On my walk through the Ilm Park (Park an der Ilm), I come across this monument to William Shakespeare. What a surprise. I did know that Weimar is known for Goethe, Schiller, and Herder. What is the link to Shakespeare? In fact, Goethe played an important role in this question.
These sculptures on the river Gera in Erfurt represent Käpt’n Blaubär and Hein Blöd. Both were stars in a German children’s comedy television series. Käpt’n Blaubär (Captain Bluebear) also appeard in the educational children’s television series Die Sendung mit der Maus.
The manhole covers of Erfurt show the city arms. The local coat of arms reminds of the Mainzer Rad (Wheel of Mainz). Is there a reason for this similarity? The chronicle of Erfurt tells the answer to this question.
This pigeon is member of a breed living within the walls of Wartburg Castle in Eisenach. According to legend this breed was part of the dowry, Elisabeth of Hungary brought to the castle after her wedding with Louis IV, Landgrave of Thuringia.
View of Friedenstein Castle (Schloss Friedenstein) taken from the staircase of the Ducal Museum of Gotha. The early Baroque palace was built in the mid-17th century by Ernest I, Duke of Saxe-Gotha. It is notable for hosting the Ekhof-Theater, which is still featuring the original Baroque machinery for changing the scenery.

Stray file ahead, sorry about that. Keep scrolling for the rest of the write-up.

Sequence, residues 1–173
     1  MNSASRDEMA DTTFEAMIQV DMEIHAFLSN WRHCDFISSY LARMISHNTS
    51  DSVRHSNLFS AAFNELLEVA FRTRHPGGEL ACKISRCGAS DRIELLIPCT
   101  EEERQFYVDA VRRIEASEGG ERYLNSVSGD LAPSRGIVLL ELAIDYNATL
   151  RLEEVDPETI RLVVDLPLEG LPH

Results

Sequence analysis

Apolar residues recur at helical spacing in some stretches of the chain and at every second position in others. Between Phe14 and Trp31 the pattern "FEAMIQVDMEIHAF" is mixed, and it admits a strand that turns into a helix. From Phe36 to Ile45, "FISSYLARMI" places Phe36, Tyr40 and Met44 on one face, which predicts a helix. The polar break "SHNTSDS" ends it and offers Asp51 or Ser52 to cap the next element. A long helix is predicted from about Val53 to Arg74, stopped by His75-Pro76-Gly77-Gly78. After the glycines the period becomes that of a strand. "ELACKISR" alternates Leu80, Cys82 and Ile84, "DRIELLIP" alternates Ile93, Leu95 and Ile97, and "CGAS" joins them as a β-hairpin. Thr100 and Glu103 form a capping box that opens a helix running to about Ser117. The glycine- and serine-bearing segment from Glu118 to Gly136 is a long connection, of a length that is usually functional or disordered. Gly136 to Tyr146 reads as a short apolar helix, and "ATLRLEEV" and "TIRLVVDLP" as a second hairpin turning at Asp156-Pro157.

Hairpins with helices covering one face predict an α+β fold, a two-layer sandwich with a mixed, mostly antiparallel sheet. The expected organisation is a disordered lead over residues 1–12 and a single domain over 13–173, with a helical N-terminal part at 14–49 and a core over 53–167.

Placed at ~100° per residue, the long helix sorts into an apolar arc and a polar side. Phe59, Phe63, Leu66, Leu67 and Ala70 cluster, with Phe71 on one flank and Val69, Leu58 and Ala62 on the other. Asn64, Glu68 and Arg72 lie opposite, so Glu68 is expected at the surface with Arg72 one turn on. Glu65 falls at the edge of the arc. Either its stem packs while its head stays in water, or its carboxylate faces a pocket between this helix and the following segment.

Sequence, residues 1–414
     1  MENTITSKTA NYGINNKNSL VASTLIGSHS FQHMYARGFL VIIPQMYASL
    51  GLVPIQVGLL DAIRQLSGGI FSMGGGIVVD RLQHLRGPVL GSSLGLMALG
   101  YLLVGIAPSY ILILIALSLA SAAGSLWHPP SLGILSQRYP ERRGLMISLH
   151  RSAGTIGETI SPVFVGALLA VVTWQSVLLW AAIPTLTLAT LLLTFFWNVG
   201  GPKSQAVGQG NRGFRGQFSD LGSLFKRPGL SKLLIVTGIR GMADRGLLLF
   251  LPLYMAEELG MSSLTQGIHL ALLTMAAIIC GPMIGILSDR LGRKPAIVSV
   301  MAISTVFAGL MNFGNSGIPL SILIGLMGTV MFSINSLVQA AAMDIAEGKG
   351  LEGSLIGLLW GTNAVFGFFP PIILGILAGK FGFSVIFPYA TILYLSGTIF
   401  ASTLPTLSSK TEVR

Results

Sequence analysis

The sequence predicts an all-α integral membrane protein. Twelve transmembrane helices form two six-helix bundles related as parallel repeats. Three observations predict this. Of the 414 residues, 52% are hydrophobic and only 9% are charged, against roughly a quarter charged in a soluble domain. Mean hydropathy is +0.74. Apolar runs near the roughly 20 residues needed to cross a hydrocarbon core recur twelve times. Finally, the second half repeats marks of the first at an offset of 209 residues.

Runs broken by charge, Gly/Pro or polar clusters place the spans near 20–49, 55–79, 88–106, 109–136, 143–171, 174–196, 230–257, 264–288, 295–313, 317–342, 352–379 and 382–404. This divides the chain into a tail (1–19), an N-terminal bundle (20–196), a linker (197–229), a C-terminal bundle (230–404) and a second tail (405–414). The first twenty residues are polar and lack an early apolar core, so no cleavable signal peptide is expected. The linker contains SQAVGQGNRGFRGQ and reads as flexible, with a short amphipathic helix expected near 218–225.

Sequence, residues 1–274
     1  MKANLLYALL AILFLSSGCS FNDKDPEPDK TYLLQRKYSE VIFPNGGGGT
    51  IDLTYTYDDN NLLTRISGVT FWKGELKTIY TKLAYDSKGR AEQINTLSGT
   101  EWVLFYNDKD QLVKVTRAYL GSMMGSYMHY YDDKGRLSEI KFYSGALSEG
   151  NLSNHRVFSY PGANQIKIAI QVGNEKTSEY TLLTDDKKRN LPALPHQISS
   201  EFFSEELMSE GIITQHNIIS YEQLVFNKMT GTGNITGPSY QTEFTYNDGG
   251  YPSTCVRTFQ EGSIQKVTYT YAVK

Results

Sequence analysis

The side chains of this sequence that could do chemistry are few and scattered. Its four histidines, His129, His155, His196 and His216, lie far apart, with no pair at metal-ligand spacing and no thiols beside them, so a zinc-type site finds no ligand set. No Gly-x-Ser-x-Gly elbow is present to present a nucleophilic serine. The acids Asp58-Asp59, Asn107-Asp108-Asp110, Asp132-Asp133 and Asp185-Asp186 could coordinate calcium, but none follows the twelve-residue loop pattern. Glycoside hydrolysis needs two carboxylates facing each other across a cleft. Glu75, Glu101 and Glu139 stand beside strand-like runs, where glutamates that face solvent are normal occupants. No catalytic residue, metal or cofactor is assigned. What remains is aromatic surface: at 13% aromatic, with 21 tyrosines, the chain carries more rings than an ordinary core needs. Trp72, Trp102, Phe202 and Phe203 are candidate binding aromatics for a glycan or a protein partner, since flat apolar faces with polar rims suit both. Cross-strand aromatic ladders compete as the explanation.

This manhole cover near Friedenstein Castle (Schloss Friedenstein) shows the coat of arms of Thuringia. The inscription promotes the foundation Thüringer Schlösser und Gärten, which is responsible for about 30 castles, monasteries and parks.
Memories! For many children in Germany and Austria, these wise guys were stars of the TV series Die Sendung mit der Maus (The Show with the Mouse). If you look carefully on your urban walk through Erfurt you will find several protagonists of German children TV series.
On our bike tour from Weimar to Wielandgut in Oßmannstedt, we pass the Renaissance palace Kromsdorf. Curious, we turn into the garden of the palace. Around 60 stone busts look at us. What might be the meaning of these busts? Continue reading →
Detail of the Cranach House (Cranachhaus) located on the market place of Weimar. Lucas Cranach the Elder stayed here for the last period of his life in the years 1552/53. The Renaissce building was built in the years 1547/49.
In 2013 the German states of Saxony and Thuringia are celebrating the 150th anniversary of the architect and designer Henry van de Velde. For this reason, exhibitions take place in cities like Weimar, Jena, Erfurt, Gera, Apolda, Bürgel, and Chemnitz.